After attending the Economic Development Commission meeting at city hall on October 18, I came away dismayed by the commission’s lackluster interest in planning the reuse of Alameda Point.
The occasion marked the first of three public presentations on the latest economic development strategy for Alameda Point. Noting that the city faces tough competition due to a glut of commercial space from Berkeley to Fremont, the city’s consultant—Keyser Marston Associates, Inc.—offered several suggestions. As the lone public speaker, I added another. The commission offered none.
What strategy for the Point has been missing for 15 years? According to the consultant, it’s branding—invoking a positive image with place-making and identity, adding better signage and creating attractive “front doors,” and sprucing up existing eyesores. The consultant suggested targeted marketing—issuing requests for proposals for certain buildings and areas, and providing a marketing package outlining opportunities and constraints for investors. We need to become noticed in the commercial real estate world, the consultant told us.
Following the presentation on this $225,000 federally funded study, Chairman Bob Reeves told the consultant it had presented “nothing new,” that he had heard it all before.
Next up, I advocated capitalizing on our waterfront open space with public access as the brand identity. Extensive research has shown that open space/parkland can serve as the anchor and engine for economic development, according to a study that Golden Gate University’s Center on Urban Environmental Law delivered to the city last year. It is one of the best strategies to maintain high urban property values and the economic health of a community. With the East Bay Regional Park District poised to build a new 147-acre park and manage most of the Veteran Administration’s vacant land and eventually Enterprise Park, green space should be our first land use priority and the defining centerpiece that distinguishes us from other communities.
After I spoke, Chairman Reeves immediately lamented about how the city had once tried unsuccessfully to have an open space design by building a golf course and a hotel (on the Northwest Territories), but that “a group of environmentalists” had killed the project because they “fought very hard to keep the first 100 feet of the waterfront undeveloped for trails.” Nonsense.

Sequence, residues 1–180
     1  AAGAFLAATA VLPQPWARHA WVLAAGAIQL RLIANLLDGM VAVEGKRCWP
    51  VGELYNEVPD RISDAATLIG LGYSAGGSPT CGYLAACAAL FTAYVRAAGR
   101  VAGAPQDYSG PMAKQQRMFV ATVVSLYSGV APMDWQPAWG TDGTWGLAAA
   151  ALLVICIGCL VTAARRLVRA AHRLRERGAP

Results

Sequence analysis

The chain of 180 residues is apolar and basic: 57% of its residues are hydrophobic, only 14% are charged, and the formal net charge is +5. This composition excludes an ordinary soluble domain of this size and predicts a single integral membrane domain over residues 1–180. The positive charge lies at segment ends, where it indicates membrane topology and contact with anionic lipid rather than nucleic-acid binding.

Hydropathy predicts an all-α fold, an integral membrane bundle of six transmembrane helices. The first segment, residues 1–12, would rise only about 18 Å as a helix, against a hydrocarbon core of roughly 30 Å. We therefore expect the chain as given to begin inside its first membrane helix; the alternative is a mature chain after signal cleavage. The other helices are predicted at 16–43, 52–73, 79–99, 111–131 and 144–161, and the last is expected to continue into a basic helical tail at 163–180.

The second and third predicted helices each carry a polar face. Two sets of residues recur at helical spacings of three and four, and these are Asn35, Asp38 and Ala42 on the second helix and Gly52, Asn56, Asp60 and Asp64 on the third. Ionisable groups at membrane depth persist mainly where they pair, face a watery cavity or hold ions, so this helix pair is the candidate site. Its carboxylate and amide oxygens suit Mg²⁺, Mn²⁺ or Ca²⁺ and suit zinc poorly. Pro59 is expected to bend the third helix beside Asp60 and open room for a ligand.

The project died because the city could not find a hotel operator willing to build a $43.5 million luxury hotel at Alameda Point.
“When the RFP was sent to select a developer team or to explore the market on the hotels, the deal structure was not one that indicated that the market was ready, so the hotel development piece was placed on hold.” Debbie Potter, city staff, August 2, 2006, Meeting Minutes, Alameda Reuse and Redevelopment Authority
“Chair Johnson reminded the Board that there was a several-year process where this consideration was going on – we had a Hotel expert and even had an RFP on hotel complexes. At that time, however, the downturn in the economy left the only people willing to propose a project was that we owned a five-star hotel and paid them to manage it, and that was something the ARRA wasn’t willing to do.” June 7, 2006, Meeting Minutes, Alameda Reuse and Redevelopment Authority
Additionally, the San Francisco Bay Conservation and Development Commission has jurisdiction over the first 100 feet of shoreline.
We need forward thinking, positive energy that recognizes the value of green space as part of an economic strategy. It’s one of our biggest assets. Even our Alameda Point leasing agent, PM Realty, touts the Point’s “unique ecological and biological characteristics” as one of the reasons to locate a business there.
The consultant will bring its presentation to the Planning Board on November 26.
A shorter version of this story was published in the Alameda Sun.
Related story: Greenspace Becomes Us.